This Week in New York Insider's Guide to Arts & Culture in New York City Since 2001

11Oct/15

DUKHTAR (DAUGHTER)

DUKHTAR

Allah Rakhi (Samiya Mumtaz) and her daughter, Zainab (Saleha Aref), go on the run in Pakistani thriller

DUKHTAR (DAUGHTER) (دختر‎) (Afia Serena Nathaniel, 2014)
Cinema Village
22 East 12th St. between University Pl. & Fifth Ave.
October 9-15
212-924-3363
www.dukhtarthefilm.com
www.cinemavillage.com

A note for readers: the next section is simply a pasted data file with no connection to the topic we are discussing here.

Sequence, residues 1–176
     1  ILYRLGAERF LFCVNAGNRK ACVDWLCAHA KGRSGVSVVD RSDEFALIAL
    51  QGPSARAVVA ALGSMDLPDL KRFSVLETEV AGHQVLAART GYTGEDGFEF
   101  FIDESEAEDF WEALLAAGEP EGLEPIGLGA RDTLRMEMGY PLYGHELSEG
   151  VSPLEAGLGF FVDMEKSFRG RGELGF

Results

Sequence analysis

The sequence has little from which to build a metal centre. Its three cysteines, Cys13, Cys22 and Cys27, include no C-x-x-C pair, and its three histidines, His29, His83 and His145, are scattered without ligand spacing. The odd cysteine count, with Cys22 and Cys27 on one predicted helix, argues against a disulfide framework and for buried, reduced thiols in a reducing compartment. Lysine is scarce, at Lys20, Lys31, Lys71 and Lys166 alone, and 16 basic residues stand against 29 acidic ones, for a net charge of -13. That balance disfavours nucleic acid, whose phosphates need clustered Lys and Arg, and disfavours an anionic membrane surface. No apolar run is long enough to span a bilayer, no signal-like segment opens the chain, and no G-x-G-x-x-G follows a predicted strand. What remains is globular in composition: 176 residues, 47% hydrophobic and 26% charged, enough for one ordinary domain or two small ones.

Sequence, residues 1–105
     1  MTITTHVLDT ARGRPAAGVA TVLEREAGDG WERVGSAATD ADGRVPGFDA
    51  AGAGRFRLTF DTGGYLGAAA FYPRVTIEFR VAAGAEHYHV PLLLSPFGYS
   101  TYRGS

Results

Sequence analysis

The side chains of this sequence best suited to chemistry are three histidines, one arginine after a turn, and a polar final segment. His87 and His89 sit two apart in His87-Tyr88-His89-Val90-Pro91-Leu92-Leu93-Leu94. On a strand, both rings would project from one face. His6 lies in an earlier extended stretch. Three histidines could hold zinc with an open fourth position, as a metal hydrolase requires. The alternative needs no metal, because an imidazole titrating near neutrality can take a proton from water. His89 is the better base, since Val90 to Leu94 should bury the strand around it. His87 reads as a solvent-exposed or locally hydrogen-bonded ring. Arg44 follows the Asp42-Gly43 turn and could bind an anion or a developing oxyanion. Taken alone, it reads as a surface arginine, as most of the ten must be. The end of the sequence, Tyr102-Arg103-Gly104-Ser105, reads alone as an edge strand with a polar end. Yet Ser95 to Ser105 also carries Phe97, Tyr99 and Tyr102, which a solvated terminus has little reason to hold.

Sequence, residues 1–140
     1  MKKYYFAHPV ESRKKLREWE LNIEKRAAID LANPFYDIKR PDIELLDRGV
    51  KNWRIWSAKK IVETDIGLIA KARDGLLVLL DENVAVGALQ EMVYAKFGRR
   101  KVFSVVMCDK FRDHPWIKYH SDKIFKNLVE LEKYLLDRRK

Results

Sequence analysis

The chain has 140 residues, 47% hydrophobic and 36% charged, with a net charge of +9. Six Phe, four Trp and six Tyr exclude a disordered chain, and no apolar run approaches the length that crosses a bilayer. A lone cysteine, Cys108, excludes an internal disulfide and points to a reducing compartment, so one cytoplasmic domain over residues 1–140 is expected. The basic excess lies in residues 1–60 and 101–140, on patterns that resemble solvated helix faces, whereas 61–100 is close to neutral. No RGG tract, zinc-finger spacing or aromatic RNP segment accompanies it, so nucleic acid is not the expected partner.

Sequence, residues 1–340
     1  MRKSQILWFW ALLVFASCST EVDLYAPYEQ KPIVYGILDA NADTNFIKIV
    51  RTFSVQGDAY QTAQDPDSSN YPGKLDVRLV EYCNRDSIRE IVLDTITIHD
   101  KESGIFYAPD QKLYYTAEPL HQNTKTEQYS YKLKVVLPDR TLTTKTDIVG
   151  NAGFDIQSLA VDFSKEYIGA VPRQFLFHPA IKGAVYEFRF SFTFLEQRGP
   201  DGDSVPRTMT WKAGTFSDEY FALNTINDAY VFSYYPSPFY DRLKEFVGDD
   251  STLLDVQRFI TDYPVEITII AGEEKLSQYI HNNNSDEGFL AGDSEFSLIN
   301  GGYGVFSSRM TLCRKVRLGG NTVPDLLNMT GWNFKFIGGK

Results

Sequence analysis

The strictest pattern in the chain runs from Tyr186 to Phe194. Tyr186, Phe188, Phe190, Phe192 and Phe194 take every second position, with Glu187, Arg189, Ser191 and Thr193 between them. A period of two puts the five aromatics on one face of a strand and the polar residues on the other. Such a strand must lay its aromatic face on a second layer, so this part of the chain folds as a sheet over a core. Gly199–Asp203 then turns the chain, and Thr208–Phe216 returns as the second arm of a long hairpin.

Afia Serena Nathaniel’s Dukhtar is an important film in many ways, but it’s too bad it isn’t just a little bit better. A hit at festivals around the world and Pakistan’s submission for the Academy Awards, the Pakistan-U.S. coproduction deals with the very serious topic of women’s freedom. In modern-day Pakistan, two local tribal leaders, Daulat Khan (Asif Khan) and Tor Gul (Abdullah Jaan), are trying to end a generations-old Hatfield and McCoys-like battle. The elderly Tor Gul offers peace in exchange for Daulat Khan’s ten-year-old daughter, Zainab (Saleha Aref); he’ll take her as a wife, and the feud will end. But Daulat Khan’s own wife, Allah Rakhi (Samiya Mumtaz), who herself was forced to marry at the age of fifteen, decides that she does not want her daughter to live like that, so she and Zainab head out on the run, trying to escape the young girl’s fate. They are chased by Tor Gul’s vicious enforcer, Ghorzang Khan (Adnan Shah Tipu), as well as Daulat Khan’s brother, Shehbaz Khan (Ajab Gul), who is in love with Allah Rakhi. They hitch a ride with Sohail (Mohib Mirza) in his fabulously decorated truck, but Sohail soon realizes he is in deeper than he ever wanted to be as well. Inspired by a true story, Dukhtar features beautiful cinematography by Armughan Hassan and Najaf Bilgrami, showing off the lovely vast desert and mountain landscapes of Gilgit-Baltistan in northern Pakistan, and television veteran Mumtaz is riveting as a strong yet vulnerable woman who wants to change long-held traditions, to be a person rather than a thing, but the narrative feels choppy and too direct, telegraphing its themes, and the plot makes too many jumps and has too many holes. In her feature debut, writer, director, producer, and coeditor Afia has a gripping story to tell, but its power is muted by the more melodramatic aspects of this feminist road-trip thriller, which nonetheless has very touching and powerful moments.

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